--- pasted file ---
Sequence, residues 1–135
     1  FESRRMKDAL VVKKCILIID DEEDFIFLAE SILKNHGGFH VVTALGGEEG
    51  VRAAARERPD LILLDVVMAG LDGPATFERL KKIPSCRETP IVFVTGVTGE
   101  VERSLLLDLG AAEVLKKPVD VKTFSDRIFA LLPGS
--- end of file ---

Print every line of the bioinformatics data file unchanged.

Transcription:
Sequence, residues 1–135
     1  FESRRMKDAL VVKKCILIID DEEDFIFLAE SILKNHGGFH VVTALGGEEG
    51  VRAAARERPD LILLDVVMAG LDGPATFERL KKIPSCRETP IVFVTGVTGE
   101  VERSLLLDLG AAEVLKKPVD VKTFSDRIFA LLPGS